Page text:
He was the first to arrive, too, which only made things worse. As he waited for Esther to answer the door, he hoped that she might also have been derelict. No such luck, though. Hardly had she taken his coat when she pressed a sheaf of paper into his hand. He glanced at the title. "That Sinking Feeling," it read.
Not another humor piece, he groaned to himself. Domestic humor by the look of it. Still, he made sure to be engrossed in reading it by the time Esther came back downstairs. When she asked him what he had brought, he mumbled something about waiting till everyone was here. He hoped that his rudeness in not giving her something in return would be excused by his excessive attention to her story, even though he hadn't actually managed to read more than the first paragraph, over and over again....
The doorbell rang, and Sarge sighed in relief as he anticipated the arrival of someone else to divert Esther's attention. It was Dulcia, as he could probably have guessed; she was the only other member who ever arrived early. And looking as good as ever, he thought as his gaze flicked upward briefly.
Stop that, he thought to himself. Joy certainly wouldn't approve of thoughts like that. Gritting his teeth silently, he forced himself to actually read Esther's story.
Thankfully, it was short, and he tried not to show his relief too visibly as he picked up Dulcia's story, with a smile and a nod in her direction. She had just started on Esther's, but she acknowledged his smile with one of her own. He swallowed and cast his eyes down. "In Defense of Glory," he read. Another tale in the chronicle of General Salazar, no doubt, featuring the reappearance of the beautiful guerrilla leader Esmeralda Diaz, and another tempestuous love scene. He hated having to read these while Dulcia was in the room, because she was always watching him to find out what his reaction to that scene was. Which was probably patently obvious.
After he finished the story he pulled out his clipboard and made a show of taking down notes on the two stories, mostly to avoid further interrogation about his own story. Bunch of two-bit hacks, he thought to himself. Not a decent writer in the bunch. Except for me, of course, and I'm not going to bring anything for these amateurs to savage. Besides, "Hell Toupee" needed revision, and "Black Fire of Hope" was giving him trouble in the middle again. And "Benedict In Purgatory" was going nowhere at all. No, certainly nothing he could have gotten ready in time.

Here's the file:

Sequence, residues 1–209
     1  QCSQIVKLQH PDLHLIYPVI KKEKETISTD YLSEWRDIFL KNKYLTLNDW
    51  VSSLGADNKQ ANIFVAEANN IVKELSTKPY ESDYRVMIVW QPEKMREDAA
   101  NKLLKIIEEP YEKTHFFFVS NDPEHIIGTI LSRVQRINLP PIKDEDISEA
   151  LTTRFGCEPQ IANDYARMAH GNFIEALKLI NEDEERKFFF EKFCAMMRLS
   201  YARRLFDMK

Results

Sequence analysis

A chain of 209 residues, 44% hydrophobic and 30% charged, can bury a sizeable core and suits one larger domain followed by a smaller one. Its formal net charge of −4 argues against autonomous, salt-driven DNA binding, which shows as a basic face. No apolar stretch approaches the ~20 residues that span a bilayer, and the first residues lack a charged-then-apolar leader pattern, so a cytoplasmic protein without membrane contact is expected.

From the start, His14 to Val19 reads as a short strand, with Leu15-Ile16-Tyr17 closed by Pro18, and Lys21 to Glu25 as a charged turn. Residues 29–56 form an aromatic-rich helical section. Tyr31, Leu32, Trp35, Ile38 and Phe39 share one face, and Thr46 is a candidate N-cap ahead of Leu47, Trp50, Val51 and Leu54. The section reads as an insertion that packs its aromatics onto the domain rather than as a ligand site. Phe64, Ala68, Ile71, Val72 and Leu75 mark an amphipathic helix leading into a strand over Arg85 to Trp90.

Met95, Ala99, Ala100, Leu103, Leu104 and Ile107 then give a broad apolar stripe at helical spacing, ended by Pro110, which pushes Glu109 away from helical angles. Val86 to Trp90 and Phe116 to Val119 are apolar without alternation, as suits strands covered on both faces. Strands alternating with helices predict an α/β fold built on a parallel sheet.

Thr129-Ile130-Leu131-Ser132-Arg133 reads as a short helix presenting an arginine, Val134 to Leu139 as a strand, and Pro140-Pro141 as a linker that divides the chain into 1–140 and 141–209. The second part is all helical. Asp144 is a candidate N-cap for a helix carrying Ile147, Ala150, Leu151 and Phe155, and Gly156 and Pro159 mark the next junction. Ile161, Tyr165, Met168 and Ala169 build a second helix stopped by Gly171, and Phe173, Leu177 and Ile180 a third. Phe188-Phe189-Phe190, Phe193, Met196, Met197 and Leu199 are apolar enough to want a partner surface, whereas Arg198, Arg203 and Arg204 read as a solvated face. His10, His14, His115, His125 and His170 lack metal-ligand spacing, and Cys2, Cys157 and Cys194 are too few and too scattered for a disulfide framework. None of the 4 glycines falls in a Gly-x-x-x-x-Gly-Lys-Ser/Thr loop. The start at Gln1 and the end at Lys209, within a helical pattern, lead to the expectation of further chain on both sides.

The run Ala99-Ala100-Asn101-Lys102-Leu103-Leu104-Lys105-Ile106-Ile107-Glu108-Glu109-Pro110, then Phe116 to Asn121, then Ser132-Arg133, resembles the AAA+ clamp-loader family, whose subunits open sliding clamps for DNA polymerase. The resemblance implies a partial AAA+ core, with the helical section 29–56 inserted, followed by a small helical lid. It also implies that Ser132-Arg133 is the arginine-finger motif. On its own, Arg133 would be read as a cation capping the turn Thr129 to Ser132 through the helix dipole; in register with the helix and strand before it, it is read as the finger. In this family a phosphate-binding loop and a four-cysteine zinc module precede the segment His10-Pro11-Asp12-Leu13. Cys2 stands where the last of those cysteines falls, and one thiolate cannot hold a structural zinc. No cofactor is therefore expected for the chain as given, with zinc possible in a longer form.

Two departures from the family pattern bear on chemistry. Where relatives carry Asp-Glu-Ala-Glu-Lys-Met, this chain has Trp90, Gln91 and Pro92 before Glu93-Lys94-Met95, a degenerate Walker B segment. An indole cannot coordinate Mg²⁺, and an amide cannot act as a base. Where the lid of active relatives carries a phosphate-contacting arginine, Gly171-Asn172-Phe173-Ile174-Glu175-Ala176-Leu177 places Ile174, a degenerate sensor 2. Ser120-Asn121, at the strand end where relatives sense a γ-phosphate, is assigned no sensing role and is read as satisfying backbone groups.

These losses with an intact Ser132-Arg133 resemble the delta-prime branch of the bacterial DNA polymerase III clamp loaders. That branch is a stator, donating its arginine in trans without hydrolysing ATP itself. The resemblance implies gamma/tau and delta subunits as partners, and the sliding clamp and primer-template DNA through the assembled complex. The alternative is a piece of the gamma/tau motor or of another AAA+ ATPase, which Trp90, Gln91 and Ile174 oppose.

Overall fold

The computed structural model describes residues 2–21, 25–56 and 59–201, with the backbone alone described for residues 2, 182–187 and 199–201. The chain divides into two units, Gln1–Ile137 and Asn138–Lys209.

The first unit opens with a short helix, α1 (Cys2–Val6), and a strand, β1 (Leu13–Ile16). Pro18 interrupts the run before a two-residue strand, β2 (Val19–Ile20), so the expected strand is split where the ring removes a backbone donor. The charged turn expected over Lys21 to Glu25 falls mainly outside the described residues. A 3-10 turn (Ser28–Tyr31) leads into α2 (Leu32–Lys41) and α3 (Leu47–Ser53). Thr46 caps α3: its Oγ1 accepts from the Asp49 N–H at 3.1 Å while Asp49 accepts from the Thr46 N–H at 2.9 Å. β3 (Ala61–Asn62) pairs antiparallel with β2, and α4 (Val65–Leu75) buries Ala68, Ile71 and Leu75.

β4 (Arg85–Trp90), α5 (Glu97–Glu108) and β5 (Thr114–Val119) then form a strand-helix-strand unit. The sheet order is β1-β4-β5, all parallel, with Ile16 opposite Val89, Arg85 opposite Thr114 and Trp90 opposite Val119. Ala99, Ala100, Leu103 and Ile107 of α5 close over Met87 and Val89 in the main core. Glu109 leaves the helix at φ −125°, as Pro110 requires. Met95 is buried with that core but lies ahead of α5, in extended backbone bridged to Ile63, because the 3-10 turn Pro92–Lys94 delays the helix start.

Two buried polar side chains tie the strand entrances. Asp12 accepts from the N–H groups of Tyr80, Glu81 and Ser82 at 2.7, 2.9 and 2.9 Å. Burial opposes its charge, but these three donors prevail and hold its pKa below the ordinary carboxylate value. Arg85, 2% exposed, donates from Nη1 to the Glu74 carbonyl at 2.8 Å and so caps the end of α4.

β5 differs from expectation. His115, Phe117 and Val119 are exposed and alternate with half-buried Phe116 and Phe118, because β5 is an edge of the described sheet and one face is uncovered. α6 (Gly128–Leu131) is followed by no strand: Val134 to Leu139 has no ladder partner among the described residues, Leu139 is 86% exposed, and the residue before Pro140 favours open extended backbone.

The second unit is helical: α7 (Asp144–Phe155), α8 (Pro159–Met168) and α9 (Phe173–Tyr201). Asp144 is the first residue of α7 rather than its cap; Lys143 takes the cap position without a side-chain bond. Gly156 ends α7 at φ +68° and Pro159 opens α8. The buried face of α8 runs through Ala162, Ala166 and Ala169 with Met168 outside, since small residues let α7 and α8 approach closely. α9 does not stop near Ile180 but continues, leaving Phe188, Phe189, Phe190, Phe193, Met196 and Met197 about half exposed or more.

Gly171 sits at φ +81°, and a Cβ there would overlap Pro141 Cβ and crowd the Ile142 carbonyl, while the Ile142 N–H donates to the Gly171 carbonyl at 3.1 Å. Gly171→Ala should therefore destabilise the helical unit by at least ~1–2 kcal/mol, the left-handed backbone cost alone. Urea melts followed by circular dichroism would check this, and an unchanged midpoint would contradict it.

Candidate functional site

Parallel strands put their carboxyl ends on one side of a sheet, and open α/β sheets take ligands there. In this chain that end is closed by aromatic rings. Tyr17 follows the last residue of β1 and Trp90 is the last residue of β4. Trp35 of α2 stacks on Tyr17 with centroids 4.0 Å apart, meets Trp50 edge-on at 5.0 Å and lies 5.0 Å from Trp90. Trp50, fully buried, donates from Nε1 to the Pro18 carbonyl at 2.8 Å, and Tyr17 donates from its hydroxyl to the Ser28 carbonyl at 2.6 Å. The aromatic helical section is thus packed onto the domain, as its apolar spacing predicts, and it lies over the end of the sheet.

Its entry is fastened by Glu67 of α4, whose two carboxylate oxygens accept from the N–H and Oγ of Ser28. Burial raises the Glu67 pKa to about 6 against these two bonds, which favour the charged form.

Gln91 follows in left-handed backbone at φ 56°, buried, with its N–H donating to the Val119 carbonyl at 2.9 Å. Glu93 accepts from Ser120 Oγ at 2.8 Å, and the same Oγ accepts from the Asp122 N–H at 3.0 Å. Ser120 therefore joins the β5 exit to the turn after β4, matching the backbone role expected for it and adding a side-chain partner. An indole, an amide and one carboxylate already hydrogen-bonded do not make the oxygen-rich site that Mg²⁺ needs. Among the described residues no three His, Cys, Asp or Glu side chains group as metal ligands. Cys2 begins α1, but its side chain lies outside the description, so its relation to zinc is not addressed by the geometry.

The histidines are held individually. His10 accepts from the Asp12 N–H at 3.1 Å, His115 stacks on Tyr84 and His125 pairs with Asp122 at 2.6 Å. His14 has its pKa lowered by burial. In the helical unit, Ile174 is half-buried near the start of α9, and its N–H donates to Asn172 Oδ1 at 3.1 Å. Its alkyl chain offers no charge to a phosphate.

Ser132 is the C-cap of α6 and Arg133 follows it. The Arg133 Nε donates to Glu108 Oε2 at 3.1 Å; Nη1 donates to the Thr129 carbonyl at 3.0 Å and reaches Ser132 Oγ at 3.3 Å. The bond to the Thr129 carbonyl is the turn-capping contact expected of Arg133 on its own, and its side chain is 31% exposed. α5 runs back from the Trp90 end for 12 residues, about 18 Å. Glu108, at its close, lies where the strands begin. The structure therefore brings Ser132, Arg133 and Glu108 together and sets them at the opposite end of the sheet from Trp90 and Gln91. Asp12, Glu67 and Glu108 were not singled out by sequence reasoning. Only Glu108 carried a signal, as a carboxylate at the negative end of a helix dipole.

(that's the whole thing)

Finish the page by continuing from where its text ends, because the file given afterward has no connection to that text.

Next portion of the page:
Horatio and Danielle came in together, as always. Had they done another collaboration, perhaps? No, two stories, they were handing out two of them. He didn't know why they bothered; their stories always looked completely the same even when they wrote them separately. Both had the same overdone poetic style, with no complete sentences and no grammatical structure, let alone punctuation and capitalization. Just a bunch of mildly interesting images in nothing resembling chronological order, if there was a plot at all. He smiled as he took them, and set them to one side without even looking at the titles as he continued to comment on Dulcia's story, industriously flipping pages and studying sentences and underlining things in pencil.
Grant arrived a few minutes later. Another chapter of his novel, probably. This would make it about 500 pages, with no sign of a conclusion in sight, what with three independent godlike alien races squabbling over the fate of existence, and the human race holding the key to it all, of course. If they could stop squabbling themselves.... Still, he set it on top of Horatio's and Danielle's stories, since it was infinitely more readable.
He looked at his watch. Now, in another twenty minutes or so, Blake would come in, having been inevitably delayed by something. Everyone else was chatting companionably, about the trivialities that made up their lives. Occasionally one of them would glance his way, wondering about his lack of an offering but being too polite to mention it. He busied himself with the other stories. Oh, god, Grant's put in a fourth godlike race. More ancient than the others. The source of the ruins on Mars. And Iapetus.
He struggled through Danielle's and was halfway through Horatio's when he heard the doorbell. This is it, he thought.
There were a chorus of hellos as Blake entered, grinning. He handed out copies of his story--another plot-coupon sword-swinging barbarian epic, no doubt. He picked up the pile of offerings that had been left for him, and scanned them quickly. Then his gaze fixed piercingly on Sarge's. "Nothing from you, Sargent?"
His throat suddenly gone dry, Sarge found himself unable to reply to the tone of threat in Blake's voice. He opened and closed his mouth to no effect, conscious of the pitying gazes of the others on him. Especially Dulcia's.
"How many does this make now, Sargent? Three? Such a shame. You remember Doris? Did you ever wonder what happened to her? After her three omissions" His grin was openly predatory now. "The verdict from the Cult?"
Sarge closed his eyes. He didn't want to see the verdict; he could feel the downturned thumbs of his jury. But who would exact the penalty? Surely not...
"Dulcia? Would you do the honors?"
He hardly heard Dulcia's delighted response as he was led off to the door to the cellar that Esther never used.
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The Den of Ubiquity / Aaron V. Humphrey / firstname.lastname@example.org